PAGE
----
How to create slick effects with CSS3 box-shadow

Drop shadows and inner shadows are some of the effects I learned to apply using Photoshop's Blending options. But now, since CSS3 "hit the charts", you don't need Adobe's design tool to add a drop shadow or an inner shadow to a box.

Nowadays, the cool thing is that you create beautiful CSS3 shadows without actually needing Photoshop anymore.

Box shadow slick effects

View demo

box-shadow property

Thebox-shadow property allows you to add multiple shadows (outer or inner) on box elements. To do that you must specify values as: color, size, blur and offset.

<shadow> = inset? && [ <length>{2,4} && <color>? ]

Rocket science?

Not at all, here's an quick example:

box-shadow: 3px 3px 10px 5px #000;

This CSS declaration will generate the following shadow:

Box shadow values

  • A positive value for the horizontal offset draws a shadow that is offset to the right of the box, a negative length to the left.

  • The second length is the vertical offset. A positive value for the vertical offset basically offsets the shadow down, a negative one up.

  • You're not allowed to use negative values for blur radius. The larger the value, the more the shadow's edge is blurred, as it can be seen above.

  • Spread distance positive values cause the shadow shape to expand in all directions by the specified radius. Negative ones cause the shadow shape to contract.

  • The color is the color of the shadow.

  • The inset keyword (missing above), if present, changes the drop shadow from an outer shadow to an inner shadow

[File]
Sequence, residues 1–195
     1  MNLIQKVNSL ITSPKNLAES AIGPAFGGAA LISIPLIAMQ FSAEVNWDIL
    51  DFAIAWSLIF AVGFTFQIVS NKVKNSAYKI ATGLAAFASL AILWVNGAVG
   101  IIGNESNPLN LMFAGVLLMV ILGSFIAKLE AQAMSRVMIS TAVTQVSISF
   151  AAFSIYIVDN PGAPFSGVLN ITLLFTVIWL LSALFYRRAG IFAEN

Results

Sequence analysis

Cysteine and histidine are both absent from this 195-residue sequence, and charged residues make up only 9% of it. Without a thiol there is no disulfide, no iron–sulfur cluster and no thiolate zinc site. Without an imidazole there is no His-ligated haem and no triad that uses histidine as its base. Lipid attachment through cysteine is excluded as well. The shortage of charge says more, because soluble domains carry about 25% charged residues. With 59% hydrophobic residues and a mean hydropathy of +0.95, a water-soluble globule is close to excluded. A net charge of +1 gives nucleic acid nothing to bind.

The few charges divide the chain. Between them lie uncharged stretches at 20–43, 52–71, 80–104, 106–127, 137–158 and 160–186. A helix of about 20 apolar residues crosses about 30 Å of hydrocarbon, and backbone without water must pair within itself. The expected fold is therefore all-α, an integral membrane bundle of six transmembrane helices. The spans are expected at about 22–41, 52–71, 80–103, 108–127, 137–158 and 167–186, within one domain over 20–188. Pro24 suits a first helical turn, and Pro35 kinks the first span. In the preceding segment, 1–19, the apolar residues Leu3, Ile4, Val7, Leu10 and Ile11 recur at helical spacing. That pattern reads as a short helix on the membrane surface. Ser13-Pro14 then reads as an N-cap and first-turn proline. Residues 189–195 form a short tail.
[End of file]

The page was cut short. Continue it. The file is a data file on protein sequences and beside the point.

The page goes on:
The above theory it's just a small amount, if you want to read more, than be my guest and check the W3C specs.

Enough theory, let's see some stuff!

Now let's see how can you take advantage of this wonderful CSS3 feature. Below I'll show you how to enhance your designs with the coolest box-shadow techniques!

Add depth to your body

Reference URL

Box shadow depth

body:before { 
  content: "";
  position: fixed;
  top: -10px;
  left: 0;
  width: 100%;
  height: 10px;
  z-index: 100;
  -webkit-box-shadow: 0px 0px 10px rgba(0,0,0,.8);
  -moz-box-shadow: 0px 0px 10px rgba(0,0,0,.8);
  box-shadow: 0px 0px 10px rgba(0,0,0,.8);
}

Drop shadows

Drop shadow effect

Here are the articles that inspired me, and not only:

#box {
  position: relative;
  width: 60%;
  background: #ddd;
  -moz-border-radius: 4px;
  border-radius: 4px;
  padding: 2em 1.5em;
  color: rgba(0,0,0, .8);
  text-shadow: 0 1px 0 #fff;
  line-height: 1.5;
  margin: 60px auto;
}


#box:before, #box:after {
  z-index: -1; 
  position: absolute; 
  content: "";
  bottom: 15px;
  left: 10px;
  width: 50%; 
  top: 80%;
  max-width:300px;
  background: rgba(0, 0, 0, 0.7); 
  box-shadow: 0 15px 10px rgba(0, 0, 0, 0.7);
  transform: rotate(-3deg);
}

#box:after {
  transform: rotate(3deg);
  right: 10px;
  left: auto;
}

Quick tips

Try spicing up shadows with RGBa color. The box-shadow property can be used using CSS3 RGBa colors to create shadows with differing levels of opacity. If your browsers supports the box-shadow property, then it will definitively support the RGBa color mode.

Use multiple shadows in one CSS declaration:

box-shadow: 3px 3px 10px 5px #000, 
            0 0 4px rgba(0, 0, 0, .5) inset;

Browser Support

  • Internet Explorer 9/10
  • Firefox (from 3.5)
  • Safari/Chrome
  • Opera (from 10.5)

Final words

You should start using these techniques today and I mean it. Why's that? Because you can, as box-shadow will not break your layout on older browsers.

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